implications specifically for Diameter signaling.  One of the goals
   of this document is to provide guidance for a core mechanism that can
   be used to mitigate the scenarios called out by this study.

6.  Extensibility and Application Independence

   Given the variety of scenarios Diameter elements can be deployed in,
   and the variety of roles they can fulfill with Diameter and other
   technologies, a single algorithm for handling overload may not be
   sufficient.  This effort cannot anticipate all possible future
   scenarios and roles.  Extensibility, particularly of algorithms used
   to deal with overload, will be important to cover these cases.

   Similarly, the scopes that overload information may apply to may
   include cases that have not yet been considered.  Extensibility in
   this area will also be important.

   The basic mechanism is intended to be application-independent, that
   is, a Diameter node can use it across any existing and future
   Diameter applications and expect reasonable results.  Certain
   Diameter applications might, however, benefit from application-
   specific behavior over and above the mechanism's defaults.  For
   example, an application specification might specify relative
   priorities of messages or selection of a specific overload control

7.  Solution Requirements

   This section proposes requirements for an improved mechanism to
   control Diameter overload, with the goals of improving the issues
   described in Section 4 and supporting the scenarios described in
   Section 2

   REQ 1:   The overload control mechanism MUST provide a communication
            method for Diameter nodes to exchange load and overload

   REQ 2:   The mechanism MUST allow Diameter nodes to support overload
            control regardless of which Diameter applications they

   REQ 3:   The overload control mechanism MUST limit the impact of
            overload on the overall useful throughput of a Diameter
            server, even when the incoming load on the network is far in
            excess of its capacity.  The overall useful throughput under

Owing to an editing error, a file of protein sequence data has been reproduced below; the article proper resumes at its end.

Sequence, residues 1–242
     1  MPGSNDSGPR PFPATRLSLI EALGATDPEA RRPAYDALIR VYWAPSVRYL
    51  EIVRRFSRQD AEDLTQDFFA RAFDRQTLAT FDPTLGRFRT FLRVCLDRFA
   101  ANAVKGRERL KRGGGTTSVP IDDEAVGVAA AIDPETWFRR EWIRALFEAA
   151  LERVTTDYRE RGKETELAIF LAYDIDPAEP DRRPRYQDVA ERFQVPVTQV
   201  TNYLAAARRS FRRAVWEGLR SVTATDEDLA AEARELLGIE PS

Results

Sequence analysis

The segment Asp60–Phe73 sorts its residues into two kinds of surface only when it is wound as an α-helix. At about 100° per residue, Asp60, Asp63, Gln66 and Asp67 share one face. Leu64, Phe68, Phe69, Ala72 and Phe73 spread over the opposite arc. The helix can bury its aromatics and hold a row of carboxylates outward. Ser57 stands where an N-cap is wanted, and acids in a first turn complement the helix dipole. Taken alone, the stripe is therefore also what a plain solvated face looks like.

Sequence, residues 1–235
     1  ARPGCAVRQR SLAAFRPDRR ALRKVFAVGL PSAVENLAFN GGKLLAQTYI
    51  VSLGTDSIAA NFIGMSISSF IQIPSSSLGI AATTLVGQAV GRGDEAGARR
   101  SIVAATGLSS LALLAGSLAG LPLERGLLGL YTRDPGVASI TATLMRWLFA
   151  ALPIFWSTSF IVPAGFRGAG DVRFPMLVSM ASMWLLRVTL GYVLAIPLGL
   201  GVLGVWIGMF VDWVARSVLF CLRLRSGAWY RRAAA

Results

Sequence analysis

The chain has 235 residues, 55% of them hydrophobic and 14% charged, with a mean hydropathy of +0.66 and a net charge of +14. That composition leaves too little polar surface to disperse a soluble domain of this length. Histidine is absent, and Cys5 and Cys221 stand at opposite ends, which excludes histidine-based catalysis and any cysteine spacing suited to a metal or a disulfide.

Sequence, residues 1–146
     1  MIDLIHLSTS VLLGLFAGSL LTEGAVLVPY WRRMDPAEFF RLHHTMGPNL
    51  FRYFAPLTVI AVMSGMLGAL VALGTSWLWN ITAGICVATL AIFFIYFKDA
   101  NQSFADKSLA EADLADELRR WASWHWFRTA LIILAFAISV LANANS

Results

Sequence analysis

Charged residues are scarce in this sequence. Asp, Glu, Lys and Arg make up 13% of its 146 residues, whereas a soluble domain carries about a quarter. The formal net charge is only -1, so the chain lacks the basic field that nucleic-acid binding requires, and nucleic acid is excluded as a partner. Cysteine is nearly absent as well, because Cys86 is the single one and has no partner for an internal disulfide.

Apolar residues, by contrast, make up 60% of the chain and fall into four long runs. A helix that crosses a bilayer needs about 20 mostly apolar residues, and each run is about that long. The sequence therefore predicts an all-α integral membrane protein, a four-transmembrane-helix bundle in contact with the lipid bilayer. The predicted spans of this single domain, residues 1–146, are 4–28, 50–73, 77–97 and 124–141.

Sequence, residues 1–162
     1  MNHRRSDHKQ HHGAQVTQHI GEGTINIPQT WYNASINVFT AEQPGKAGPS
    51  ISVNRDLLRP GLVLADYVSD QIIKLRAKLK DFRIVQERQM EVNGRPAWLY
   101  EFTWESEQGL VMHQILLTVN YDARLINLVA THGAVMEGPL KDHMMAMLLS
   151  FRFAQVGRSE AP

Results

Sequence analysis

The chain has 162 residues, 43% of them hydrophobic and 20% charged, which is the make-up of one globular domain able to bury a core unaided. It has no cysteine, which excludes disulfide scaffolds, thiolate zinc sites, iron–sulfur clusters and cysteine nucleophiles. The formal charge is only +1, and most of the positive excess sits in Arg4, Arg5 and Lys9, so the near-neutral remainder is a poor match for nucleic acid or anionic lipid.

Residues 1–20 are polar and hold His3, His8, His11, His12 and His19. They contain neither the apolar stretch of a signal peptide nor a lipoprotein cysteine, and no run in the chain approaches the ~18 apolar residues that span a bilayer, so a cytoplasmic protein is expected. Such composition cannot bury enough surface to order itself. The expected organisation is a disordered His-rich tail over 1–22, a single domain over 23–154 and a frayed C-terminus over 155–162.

load is the ultimate measure of the value of an overload
            control mechanism.

   REQ 4:   Diameter allows requests to be sent from either side of a
            connection and either side of a connection may have need to
            provide its overload status.  The mechanism MUST allow each
            side of a connection to independently inform the other of
            its overload status.

   REQ 5:   Diameter allows nodes to determine their peers via dynamic
            discovery or manual configuration.  The mechanism MUST work
            consistently without regard to how peers are determined.

   REQ 6:   The mechanism designers SHOULD seek to minimize the amount
            of new configuration required in order to work.  For
            example, it is better to allow peers to advertise or
            negotiate support for the mechanism, rather than to require
            this knowledge to be configured at each node.

   REQ 7:   The overload control mechanism and any associated default
            algorithm(s) MUST ensure that the system remains stable.
            When the offered load drops from above  At
            some point after an overload condition has ended, the overall
            mechanism MUST enable capacity
            of the network to below the overall capacity, the throughput
            MUST stabilize and become equal
            to what it would be in the offered load. absence of an overload condition.